Scientists today downgraded the Richter scale magnitude of the earthquake that rocked Southern California on Oct. 1 from 6.1 to 5.9.
"The 6.1 was a preliminary number" and a 5.9 magnitude for the damaging earthquake is now the best estimate, said Kate Hutton, a seismologist at the California Institute of Technology in Pasadena.
Hutton said that analysis of readings recorded by seismograph stations throughout Southern California resulted in the new magnitude, as well as a revised estimate of 5.3 on the Richter scale for the Oct. 4 aftershock that previously had been estimated to have a magnitude of 5.5.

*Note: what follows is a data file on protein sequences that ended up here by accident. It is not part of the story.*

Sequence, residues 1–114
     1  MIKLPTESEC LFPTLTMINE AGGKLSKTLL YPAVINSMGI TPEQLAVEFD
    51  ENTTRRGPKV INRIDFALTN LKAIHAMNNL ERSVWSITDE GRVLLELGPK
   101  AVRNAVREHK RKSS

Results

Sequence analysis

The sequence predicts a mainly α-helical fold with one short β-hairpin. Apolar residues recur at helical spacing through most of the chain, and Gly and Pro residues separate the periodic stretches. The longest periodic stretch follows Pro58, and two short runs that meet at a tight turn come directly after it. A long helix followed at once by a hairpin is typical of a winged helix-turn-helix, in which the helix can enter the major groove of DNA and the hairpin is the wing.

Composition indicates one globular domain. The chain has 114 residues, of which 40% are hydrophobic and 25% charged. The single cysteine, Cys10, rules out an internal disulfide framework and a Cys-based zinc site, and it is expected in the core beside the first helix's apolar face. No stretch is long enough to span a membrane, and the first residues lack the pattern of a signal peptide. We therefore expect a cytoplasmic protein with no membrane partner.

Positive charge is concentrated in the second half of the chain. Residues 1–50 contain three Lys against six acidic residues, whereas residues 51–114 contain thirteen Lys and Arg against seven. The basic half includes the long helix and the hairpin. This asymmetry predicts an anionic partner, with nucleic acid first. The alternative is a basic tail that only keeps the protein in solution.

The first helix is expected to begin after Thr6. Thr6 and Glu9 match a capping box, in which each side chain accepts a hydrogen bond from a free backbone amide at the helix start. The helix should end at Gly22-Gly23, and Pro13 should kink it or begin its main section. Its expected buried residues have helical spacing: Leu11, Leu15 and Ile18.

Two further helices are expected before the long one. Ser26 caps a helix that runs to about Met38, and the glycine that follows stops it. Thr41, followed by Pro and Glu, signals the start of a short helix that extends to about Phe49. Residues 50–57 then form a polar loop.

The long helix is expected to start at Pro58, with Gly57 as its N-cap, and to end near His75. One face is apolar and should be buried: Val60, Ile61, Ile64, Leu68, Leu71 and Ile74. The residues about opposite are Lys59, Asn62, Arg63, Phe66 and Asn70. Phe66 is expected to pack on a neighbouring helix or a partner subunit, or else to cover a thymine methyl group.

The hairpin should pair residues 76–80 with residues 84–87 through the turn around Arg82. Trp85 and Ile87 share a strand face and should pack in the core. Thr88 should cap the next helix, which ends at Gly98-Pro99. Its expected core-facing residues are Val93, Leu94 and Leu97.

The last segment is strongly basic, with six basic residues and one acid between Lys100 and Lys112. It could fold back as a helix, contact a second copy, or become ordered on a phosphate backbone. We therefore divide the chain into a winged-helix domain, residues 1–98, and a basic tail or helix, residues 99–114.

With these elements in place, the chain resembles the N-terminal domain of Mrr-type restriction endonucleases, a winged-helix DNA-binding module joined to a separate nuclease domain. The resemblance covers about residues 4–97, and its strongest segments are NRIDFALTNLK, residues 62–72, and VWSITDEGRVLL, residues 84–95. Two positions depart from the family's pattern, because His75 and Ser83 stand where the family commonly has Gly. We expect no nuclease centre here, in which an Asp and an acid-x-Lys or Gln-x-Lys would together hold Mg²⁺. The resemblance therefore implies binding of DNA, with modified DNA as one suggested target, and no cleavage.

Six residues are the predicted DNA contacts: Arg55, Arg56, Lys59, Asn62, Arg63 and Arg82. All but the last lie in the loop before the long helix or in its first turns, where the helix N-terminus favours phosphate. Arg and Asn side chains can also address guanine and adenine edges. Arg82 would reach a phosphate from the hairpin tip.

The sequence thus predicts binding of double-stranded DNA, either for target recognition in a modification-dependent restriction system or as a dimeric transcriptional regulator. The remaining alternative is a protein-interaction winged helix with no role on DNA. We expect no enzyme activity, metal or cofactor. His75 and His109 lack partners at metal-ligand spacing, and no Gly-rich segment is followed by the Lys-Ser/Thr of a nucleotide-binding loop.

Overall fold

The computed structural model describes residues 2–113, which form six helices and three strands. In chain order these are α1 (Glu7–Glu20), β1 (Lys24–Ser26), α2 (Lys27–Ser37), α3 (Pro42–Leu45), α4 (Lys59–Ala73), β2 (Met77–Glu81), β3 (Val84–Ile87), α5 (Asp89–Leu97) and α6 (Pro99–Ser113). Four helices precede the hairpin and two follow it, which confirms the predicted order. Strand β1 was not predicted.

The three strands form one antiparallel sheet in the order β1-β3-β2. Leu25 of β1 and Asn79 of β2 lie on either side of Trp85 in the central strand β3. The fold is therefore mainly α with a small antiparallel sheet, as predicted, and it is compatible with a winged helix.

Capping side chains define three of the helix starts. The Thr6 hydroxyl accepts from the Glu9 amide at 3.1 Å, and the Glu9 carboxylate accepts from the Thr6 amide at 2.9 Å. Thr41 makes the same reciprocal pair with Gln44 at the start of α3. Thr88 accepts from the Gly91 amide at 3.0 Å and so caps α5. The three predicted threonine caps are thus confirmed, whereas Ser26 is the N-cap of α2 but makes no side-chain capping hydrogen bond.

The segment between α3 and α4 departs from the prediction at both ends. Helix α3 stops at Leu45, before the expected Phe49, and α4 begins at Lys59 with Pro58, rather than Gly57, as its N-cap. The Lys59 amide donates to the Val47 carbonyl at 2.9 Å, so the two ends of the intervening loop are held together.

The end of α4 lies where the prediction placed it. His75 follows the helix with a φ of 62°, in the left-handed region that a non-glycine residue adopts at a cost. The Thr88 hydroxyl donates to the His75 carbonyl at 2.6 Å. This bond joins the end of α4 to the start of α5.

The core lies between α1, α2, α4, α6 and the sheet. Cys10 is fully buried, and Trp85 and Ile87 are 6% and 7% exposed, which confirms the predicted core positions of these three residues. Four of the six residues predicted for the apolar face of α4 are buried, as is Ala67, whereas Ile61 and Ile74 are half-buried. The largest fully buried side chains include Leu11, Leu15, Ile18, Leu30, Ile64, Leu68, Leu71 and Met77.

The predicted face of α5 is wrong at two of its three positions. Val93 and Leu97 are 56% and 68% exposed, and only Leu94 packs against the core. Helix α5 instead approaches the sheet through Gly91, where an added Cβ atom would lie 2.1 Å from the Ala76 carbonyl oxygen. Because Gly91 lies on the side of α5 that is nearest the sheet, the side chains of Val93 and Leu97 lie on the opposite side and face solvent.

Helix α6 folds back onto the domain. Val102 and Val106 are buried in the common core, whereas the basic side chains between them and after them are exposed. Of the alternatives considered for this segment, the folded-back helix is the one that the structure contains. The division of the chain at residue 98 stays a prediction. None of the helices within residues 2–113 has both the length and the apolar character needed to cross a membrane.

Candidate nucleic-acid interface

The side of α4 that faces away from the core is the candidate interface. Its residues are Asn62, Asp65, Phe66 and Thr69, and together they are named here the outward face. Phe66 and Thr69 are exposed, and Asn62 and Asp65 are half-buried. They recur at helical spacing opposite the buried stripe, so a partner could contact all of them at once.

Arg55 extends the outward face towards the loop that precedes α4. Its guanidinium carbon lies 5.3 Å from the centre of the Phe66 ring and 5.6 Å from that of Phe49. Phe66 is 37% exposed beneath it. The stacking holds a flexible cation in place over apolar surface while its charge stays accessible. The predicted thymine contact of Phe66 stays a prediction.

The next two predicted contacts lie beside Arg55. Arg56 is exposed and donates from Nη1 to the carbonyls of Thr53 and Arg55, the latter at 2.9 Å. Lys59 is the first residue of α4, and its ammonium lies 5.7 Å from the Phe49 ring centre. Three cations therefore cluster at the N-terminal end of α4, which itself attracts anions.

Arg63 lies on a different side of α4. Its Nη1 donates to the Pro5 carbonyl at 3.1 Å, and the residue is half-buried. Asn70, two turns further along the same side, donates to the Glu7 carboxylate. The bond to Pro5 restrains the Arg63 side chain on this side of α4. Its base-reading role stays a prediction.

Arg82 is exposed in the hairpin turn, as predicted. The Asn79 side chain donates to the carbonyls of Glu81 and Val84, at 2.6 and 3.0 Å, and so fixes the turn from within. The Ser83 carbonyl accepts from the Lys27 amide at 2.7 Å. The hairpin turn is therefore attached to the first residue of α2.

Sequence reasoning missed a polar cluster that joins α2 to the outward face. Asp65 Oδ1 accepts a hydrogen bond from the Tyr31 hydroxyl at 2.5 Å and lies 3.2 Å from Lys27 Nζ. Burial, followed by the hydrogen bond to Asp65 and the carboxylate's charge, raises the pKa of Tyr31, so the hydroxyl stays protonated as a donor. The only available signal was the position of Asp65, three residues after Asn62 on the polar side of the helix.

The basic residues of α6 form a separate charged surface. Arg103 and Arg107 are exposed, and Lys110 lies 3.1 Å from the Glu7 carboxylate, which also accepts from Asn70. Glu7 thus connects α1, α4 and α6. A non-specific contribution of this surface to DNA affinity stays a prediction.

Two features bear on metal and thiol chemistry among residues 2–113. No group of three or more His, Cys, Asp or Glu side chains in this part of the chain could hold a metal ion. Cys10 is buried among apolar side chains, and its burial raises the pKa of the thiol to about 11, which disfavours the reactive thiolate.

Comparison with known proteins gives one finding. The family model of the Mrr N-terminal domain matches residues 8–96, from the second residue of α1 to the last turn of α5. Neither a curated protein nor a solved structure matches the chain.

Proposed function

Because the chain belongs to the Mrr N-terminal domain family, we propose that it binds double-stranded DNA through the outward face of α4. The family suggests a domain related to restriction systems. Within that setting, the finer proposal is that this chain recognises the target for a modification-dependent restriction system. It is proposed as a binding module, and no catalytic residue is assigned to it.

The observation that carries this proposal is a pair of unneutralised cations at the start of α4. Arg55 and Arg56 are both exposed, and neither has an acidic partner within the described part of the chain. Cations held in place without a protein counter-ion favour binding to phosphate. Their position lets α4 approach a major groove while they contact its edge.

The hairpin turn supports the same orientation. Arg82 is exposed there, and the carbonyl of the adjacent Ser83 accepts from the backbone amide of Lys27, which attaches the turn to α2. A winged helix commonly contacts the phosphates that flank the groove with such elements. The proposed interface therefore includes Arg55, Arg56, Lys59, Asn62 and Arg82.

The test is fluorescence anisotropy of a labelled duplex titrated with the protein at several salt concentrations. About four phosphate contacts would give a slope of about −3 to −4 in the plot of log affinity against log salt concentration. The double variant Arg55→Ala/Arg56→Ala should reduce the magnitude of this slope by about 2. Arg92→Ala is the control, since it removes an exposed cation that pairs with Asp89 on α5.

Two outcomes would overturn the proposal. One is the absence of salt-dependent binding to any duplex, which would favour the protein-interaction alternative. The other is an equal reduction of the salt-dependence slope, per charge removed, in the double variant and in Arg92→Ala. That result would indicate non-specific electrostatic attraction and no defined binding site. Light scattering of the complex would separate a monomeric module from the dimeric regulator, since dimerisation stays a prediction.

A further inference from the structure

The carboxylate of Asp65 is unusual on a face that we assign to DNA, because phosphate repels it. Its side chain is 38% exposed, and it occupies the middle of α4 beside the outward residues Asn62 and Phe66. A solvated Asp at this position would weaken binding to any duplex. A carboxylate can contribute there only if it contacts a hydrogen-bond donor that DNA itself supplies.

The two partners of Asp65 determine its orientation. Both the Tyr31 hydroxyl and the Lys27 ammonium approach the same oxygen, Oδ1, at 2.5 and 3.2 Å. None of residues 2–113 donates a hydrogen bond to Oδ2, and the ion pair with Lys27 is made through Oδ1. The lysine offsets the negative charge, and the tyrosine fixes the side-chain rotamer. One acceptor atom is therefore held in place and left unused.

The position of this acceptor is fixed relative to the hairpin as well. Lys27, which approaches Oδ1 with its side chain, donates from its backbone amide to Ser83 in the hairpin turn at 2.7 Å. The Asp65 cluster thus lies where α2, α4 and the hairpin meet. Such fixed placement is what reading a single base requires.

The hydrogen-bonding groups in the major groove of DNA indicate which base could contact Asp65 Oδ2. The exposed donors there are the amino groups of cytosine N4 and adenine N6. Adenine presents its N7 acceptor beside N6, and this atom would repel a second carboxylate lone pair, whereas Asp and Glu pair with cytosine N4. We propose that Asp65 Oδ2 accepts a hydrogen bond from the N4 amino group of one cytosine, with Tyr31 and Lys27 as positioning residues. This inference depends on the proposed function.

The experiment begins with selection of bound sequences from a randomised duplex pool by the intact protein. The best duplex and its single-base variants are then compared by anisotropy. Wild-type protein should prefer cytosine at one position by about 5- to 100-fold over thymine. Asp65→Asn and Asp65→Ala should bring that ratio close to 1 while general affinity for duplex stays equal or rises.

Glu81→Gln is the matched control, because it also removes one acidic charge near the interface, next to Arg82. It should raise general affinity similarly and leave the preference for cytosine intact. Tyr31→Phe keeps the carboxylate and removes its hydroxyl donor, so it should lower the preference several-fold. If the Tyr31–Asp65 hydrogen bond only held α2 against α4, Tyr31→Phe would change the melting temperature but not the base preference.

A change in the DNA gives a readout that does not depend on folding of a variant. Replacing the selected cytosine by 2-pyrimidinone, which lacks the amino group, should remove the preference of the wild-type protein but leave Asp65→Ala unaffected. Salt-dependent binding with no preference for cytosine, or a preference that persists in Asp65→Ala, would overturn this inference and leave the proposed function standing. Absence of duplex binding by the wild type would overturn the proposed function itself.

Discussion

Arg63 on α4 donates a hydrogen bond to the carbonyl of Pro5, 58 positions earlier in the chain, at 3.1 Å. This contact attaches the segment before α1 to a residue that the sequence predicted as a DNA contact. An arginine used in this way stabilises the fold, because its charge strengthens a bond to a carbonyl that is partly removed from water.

Lucy Jones, a U.S. Geological Survey seismologist, said that Richter scale earthquake magnitudes are defined as the magnitudes recorded in the vicinity of the quake, therefore the agency would have to accept the downgraded magnitude estimates.
The Oct. 1 main shock and the Oct. 4 aftershock caused the deaths of seven people and an estimated $213 million in damage.
Hutton revealed the new magnitude estimates as dozens of scientists met at the University of Southern California to review scientific findings about the earthquakes.